Matt Watson: I mean it seems like to me we’re doing DevOps with no ops and our development team is simply doing those things. Now, I’ve wrote many blog posts about DevOps before and I think it’s important to point out that I think IT operations is always going to exist. We’re a small company and we have 20 people and luckily, we’re in the cloud and we don’t have physical servers. We don’t have storage, we don’t have firewall and switches and all those sort of things. We also don’t have a lot of desktops to support. We don’t have a lot of those things and traditionally IT supports a lot of those things and IT that supports a phone system or desktops is obviously different than IT that supports production servers and applications, right? I think IT is always going to exist in a lot of those capacities, especially in larger companies. In a smaller company like ours, we all kind of wear a lot of hats and you are also in charge of the phone system, right?
Jason Taylor: Yeah, I am in charge of the phone system. I think we have a phone. Do we have a phone? I think there’s a phone.
Matt Watson: We have a few phones and arguably, I don’t even know why we have them, might as well use our cell phones at this point. I think the critical role that’s always going to exist outside of what development does, if development is focused on deploying our applications, making sure the deployments go smoothly and then making sure applications work perfectly in production, there’s also some other things to deal with, right, like security, compliance. How do you think those things fit into this?
Jason Taylor: Overall, I think there’s a shift and probably two different things happening. One is that traditional operations, what I refer to as operational engineering that care and feeding of production software systems that sort of thing is pushing towards development because it’s all infrastructure as code and developers manage that. They’re responsible for monitoring and patching and updating, and you just mentioned there, we don’t have firewall and switches and those sort of things, but we do. We just don’t deal with them. It’s not physical hardware that we have. It’s a part of a platform as a service that’s part of infrastructure as code. That allows us to focus on the things that are really important, our applications, our code and how that’s running.

I think there’s that shift of not needing traditional operations to stand up networks and data centers and make sure that we can scale and we’ve got VM, or capacity available and we’ve got new servers available. Then, there’s the other side of IT, which is the traditional, desktop deployment and phones and kind of all those things. What do we want to call that? The digital transformation part of workplace technology.

As a part of that digital transformation of workplace technology, what you’re also seeing is, let’s talk about your example of desktops. You’re a large company and you add 100 employees a year, 1000 employees a year, whatever and they get a new laptop. Somebody’s got to take the time to set them up in Active Directory and install their software and image the machine and all of that good stuff, but though services like Google’s G Suite and Office 365 and all these different things that’s becoming software as a service as well. You can take a brand new Windows 10 imaged laptop and hand it to somebody and all they have to do is log in with their Live account that’s tied to Azure Active Directory and then, they’re automatically logged in to Office 365. You can do the same thing with the G Suite.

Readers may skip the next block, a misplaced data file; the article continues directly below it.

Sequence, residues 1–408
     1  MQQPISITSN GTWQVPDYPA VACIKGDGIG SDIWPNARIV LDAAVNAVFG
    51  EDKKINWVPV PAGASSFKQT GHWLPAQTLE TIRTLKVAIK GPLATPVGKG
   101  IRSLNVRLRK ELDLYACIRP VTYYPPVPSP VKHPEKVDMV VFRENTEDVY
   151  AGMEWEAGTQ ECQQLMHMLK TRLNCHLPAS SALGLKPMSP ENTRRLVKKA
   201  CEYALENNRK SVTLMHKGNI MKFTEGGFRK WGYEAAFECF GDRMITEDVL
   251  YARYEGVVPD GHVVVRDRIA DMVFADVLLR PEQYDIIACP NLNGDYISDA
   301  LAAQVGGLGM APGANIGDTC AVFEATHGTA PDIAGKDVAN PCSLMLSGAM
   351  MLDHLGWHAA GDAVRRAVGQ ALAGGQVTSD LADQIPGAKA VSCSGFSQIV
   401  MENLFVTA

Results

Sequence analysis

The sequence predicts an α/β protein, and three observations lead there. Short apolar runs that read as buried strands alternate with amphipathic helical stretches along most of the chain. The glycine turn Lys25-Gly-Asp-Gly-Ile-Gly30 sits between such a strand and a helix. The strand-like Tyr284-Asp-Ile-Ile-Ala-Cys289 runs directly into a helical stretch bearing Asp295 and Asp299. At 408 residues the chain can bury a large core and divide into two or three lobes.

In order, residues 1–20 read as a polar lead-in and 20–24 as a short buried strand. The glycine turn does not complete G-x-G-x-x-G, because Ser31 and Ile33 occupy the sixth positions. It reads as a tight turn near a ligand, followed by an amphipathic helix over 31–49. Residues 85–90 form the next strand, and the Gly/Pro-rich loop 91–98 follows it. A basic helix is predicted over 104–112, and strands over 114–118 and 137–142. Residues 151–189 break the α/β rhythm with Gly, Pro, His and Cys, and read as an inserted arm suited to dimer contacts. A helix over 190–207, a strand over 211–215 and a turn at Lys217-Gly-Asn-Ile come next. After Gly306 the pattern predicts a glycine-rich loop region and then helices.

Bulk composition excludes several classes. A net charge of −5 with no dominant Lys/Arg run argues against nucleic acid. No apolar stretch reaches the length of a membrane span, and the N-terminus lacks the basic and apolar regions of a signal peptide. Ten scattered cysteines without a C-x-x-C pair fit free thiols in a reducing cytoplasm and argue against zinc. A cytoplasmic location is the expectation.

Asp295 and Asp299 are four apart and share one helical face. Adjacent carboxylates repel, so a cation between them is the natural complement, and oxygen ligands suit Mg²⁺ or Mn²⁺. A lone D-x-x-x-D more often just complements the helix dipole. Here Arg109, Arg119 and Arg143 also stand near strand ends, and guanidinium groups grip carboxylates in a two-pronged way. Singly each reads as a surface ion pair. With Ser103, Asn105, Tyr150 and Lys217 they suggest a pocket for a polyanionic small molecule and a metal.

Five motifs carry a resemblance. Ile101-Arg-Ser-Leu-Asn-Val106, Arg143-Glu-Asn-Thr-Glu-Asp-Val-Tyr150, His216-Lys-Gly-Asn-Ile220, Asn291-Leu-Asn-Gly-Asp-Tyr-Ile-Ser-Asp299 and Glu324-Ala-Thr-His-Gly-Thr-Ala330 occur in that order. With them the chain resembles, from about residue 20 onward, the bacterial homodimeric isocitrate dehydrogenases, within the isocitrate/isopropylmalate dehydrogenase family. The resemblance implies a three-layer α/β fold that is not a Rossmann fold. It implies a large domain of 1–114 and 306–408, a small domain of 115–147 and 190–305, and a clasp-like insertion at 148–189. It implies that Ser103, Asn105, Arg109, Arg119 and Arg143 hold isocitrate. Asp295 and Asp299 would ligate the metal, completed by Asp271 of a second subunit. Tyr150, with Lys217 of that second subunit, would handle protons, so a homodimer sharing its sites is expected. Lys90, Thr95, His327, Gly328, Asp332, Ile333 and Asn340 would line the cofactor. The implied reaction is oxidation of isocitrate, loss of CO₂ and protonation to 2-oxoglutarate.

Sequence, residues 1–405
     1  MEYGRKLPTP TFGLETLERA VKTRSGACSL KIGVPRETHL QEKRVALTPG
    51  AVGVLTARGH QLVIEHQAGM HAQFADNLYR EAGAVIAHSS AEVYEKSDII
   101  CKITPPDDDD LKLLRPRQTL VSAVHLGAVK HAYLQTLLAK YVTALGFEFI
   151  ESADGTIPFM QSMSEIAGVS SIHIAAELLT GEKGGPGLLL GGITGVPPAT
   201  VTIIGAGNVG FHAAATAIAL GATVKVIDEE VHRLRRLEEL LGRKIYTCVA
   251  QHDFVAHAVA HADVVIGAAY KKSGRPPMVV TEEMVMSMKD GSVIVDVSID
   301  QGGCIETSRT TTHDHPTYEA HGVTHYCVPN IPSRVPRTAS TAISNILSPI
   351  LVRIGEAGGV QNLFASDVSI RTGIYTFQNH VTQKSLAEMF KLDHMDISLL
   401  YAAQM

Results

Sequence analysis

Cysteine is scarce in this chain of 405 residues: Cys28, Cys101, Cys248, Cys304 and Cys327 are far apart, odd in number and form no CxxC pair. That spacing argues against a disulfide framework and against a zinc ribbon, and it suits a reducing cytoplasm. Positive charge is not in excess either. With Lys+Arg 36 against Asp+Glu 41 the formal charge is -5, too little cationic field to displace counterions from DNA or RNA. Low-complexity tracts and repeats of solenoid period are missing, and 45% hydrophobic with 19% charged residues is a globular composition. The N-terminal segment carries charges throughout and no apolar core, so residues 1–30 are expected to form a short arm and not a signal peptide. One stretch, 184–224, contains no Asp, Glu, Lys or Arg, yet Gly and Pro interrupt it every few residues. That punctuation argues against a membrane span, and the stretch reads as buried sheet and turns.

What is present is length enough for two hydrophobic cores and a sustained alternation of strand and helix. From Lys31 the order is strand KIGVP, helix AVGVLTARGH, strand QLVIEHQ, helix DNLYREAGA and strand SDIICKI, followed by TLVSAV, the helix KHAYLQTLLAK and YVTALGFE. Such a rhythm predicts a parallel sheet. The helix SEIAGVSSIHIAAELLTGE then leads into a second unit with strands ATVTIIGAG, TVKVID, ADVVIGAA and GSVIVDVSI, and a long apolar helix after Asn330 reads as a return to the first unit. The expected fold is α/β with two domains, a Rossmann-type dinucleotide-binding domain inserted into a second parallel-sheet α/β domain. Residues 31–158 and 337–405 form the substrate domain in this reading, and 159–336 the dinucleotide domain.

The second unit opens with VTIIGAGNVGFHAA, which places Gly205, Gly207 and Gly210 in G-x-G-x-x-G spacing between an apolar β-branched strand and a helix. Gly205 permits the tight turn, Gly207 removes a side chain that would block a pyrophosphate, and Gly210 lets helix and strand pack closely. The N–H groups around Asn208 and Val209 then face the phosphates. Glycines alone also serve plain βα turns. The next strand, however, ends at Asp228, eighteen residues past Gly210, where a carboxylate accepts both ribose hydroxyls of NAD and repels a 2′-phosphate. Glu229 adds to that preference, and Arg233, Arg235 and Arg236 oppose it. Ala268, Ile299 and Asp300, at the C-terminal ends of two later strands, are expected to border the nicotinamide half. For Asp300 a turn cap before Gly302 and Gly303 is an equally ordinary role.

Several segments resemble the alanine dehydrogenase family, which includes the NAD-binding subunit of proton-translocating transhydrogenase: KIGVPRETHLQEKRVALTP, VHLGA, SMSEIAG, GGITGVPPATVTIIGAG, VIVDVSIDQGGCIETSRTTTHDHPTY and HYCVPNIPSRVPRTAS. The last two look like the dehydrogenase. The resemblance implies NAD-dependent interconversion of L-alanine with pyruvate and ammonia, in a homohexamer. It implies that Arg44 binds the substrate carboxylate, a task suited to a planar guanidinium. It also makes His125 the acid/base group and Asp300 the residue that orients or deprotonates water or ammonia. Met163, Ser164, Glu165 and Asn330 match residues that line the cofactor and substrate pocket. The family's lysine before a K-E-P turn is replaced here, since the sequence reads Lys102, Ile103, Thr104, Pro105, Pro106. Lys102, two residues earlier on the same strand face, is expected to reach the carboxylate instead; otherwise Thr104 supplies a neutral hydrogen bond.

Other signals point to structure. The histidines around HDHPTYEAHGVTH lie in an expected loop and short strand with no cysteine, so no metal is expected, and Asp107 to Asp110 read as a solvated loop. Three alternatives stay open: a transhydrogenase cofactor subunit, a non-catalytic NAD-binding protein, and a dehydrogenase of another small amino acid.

Matt Watson: For the record, my new laptop I just got is not on the company domain.
Jason Taylor: I’m going to let that one slide because I might be in the same boat.
Matt Watson: I think there goes to the same question of I don’t even know why I would put it on the domain. We don’t have a single server, we don’t have a file server. We don’t even have any local assets for me to connect to, to authenticate to.
Jason Taylor: Let’s look at that. There’s a couple reasons why you have a domain. Part of it’s security and access control and that sort of thing. For us, all of those sort of things have lifted and shifted to the cloud as well. The assets that we have to secure are Azure cloud deployments. That’s all behind Azure Active Directory. In order to get to that I have to go, log in. We don’t really have anything on our network here locally that matters in that regard.
Matt Watson: Can we take this old server out to the parking lot and go like, Office Space style on it with some sledge hammers?
Jason Taylor: You know, probably, someday, but not until I’m really sure we can do that because it’s been around-
Matt Watson: Do you need to drink a couple more DevHops for that?
Jason Taylor: Yeah, because it’s been around for a little while.
Matt Watson: I think the key here is that a lot of those IT functions are always going to exist and no doubt, big corporations have, let’s say you have a call center, you have 1000 employees, they all have desktops, they lock them down. They have all sorts of different issues, but none of those issues really relate to the software development team and the products and that side of it. That’s a completely different core piece of it and these days, what we see more and more with our customers and we talk to Gartner and people like that is the development teams more and more have complete control. The development teams write the software, they deploy the software. A lot of times, they’re deploying it to the cloud or private cloud and they own it from start to finish. They don’t need any additional help. They control their own destiny.